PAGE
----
Just so you don't all think I've been wasting my off-line time, here's this week's work from the wood shop.
First, a stoppered closed form - technically I guess you could call it an urn, and I suppose if you wanted to store somebody's ashes in there you could. Yuk.
I actually started this piece when Beastly was still here and finally got around to finishing it. It's made from Alaskan Birch burl and Hawaiian Bubinga wood, with inlayed copper and finished in Tung oil and spar varnish. I did this to experiment with turning technique. Each piece was turned separately, glued together, then the whole urn was finish turned as a single piece. It's about eighteen inches tall and very heavy.
This next piece was a royal pain. It's a piece of Alaskan Birch burl and getting it balanced on the lathe just about killed me. However, I really, really like the irregular look and natural edged rim.
Note: the second, detailed picture is true color. I was having some issues with flash and lighting and didn't realize that I had some settings wrong - then I didn't feel like re-shooting the first picture, so just suck it up.
Pain that it was, it was worth it, because the piece came out incredibly beautiful. I inlayed flaws in the wood with turquoise and copper and then finished it with Danish oil and thick crystal epoxy clear coat. This is a fairly large and heavy piece, about 14 inches across the long axis.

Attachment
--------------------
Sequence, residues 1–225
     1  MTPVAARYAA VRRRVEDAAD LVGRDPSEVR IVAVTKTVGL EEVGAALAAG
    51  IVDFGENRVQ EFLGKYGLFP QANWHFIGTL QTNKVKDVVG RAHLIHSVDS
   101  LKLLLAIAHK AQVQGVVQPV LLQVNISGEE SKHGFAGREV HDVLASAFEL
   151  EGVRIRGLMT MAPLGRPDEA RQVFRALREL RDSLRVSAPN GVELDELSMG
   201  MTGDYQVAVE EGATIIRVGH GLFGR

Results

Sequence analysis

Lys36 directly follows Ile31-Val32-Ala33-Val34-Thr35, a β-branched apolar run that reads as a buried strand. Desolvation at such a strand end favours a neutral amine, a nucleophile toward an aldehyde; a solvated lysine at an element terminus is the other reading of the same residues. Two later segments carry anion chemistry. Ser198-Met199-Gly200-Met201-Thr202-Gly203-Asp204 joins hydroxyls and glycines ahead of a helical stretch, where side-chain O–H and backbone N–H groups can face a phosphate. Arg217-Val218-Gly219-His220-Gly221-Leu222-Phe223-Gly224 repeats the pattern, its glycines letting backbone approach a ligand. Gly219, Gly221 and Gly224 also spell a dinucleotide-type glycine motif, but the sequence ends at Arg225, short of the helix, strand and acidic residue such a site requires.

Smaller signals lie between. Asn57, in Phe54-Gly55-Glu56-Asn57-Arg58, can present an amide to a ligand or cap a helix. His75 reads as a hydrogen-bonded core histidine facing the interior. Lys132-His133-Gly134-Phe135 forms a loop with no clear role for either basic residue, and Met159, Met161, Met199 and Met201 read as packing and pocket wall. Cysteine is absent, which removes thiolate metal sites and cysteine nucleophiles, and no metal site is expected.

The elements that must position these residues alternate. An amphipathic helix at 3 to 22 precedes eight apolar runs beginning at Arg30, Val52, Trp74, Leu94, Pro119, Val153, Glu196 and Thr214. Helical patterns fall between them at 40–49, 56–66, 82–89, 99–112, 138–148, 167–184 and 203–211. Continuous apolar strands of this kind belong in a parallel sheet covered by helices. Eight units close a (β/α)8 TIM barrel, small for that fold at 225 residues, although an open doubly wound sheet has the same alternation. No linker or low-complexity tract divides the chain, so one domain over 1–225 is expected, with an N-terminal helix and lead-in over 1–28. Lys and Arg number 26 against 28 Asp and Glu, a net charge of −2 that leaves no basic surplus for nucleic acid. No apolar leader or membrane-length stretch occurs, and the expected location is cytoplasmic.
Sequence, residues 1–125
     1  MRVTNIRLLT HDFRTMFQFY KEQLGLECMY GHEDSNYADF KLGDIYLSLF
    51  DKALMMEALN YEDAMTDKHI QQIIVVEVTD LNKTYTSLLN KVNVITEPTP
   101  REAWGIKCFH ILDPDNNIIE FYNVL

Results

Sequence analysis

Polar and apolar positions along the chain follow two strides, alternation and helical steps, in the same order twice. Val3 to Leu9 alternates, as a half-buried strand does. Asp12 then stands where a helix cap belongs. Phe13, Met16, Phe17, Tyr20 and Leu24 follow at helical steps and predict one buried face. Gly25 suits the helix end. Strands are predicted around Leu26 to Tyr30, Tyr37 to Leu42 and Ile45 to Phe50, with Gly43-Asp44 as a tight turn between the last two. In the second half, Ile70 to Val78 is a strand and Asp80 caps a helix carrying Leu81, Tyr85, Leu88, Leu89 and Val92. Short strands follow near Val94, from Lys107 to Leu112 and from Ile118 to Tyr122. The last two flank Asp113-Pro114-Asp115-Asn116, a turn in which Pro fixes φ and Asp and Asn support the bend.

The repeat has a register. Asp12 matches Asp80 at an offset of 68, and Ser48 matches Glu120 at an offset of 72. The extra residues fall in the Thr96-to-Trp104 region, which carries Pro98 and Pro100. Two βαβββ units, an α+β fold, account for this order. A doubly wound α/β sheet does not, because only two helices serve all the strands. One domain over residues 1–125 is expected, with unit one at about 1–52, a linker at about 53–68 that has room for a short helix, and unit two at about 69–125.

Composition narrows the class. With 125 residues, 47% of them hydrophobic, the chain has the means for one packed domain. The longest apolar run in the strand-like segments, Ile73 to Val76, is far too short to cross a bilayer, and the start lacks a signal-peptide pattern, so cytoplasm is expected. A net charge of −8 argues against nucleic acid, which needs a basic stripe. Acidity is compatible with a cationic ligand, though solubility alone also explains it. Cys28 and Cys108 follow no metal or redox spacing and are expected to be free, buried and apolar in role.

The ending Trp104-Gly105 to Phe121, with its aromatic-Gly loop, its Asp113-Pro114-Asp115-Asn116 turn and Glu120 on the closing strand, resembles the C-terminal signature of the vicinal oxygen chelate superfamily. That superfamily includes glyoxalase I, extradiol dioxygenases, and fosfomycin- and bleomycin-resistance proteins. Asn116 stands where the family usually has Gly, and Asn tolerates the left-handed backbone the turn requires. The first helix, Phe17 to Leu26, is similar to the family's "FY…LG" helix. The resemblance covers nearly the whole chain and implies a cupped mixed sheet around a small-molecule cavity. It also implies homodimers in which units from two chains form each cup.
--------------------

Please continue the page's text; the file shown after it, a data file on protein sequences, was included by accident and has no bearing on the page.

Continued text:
And last, a knife and stand:
The knife is similar to one I did previously, except in this case I added an inlaid Alaskan State Quarter to the handle as a maker's mark. The coin is covered in a crystal epoxy, smooth with the surface of the handle. The handle itself is Alaskan Birch burr, with a blade guard of African Purpleheart. The whole thing was hand carved and finished in a marine grade acrylic. While the knife is intended as a display piece, it is fully functional as a salmon filet blade. The stand is carved from birch burl and intended to resemble a waterfall. It's highlighted with turquoise, copper, silver, gold, and lapis. There are a number of carved red salmon around the base, decorated with red and silver metal fleck which resembles fish scales. The whole thing is coated in high-gloss sprayed spar varnish so that under light it appears to be wet.
All of these are reserved and not for sale.
And now if you'll excuse me for a while, I've got a couple more projects that need attention.